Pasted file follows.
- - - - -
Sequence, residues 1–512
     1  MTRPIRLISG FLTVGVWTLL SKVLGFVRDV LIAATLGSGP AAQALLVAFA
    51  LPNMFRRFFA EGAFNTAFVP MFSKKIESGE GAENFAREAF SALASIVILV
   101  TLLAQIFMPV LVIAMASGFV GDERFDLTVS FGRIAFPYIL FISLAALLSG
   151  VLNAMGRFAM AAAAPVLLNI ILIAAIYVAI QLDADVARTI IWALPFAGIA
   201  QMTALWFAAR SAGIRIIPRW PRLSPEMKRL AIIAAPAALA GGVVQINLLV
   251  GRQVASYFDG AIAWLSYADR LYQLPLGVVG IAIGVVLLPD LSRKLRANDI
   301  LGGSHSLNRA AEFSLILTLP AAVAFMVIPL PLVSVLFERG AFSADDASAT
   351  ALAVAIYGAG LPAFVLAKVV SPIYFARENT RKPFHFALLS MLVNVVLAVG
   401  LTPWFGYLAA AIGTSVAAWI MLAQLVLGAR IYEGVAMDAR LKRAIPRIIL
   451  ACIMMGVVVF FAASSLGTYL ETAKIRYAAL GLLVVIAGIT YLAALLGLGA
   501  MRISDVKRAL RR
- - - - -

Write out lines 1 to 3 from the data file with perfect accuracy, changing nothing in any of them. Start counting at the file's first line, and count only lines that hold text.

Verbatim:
Sequence, residues 1–512
     1  MTRPIRLISG FLTVGVWTLL SKVLGFVRDV LIAATLGSGP AAQALLVAFA
    51  LPNMFRRFFA EGAFNTAFVP MFSKKIESGE GAENFAREAF SALASIVILV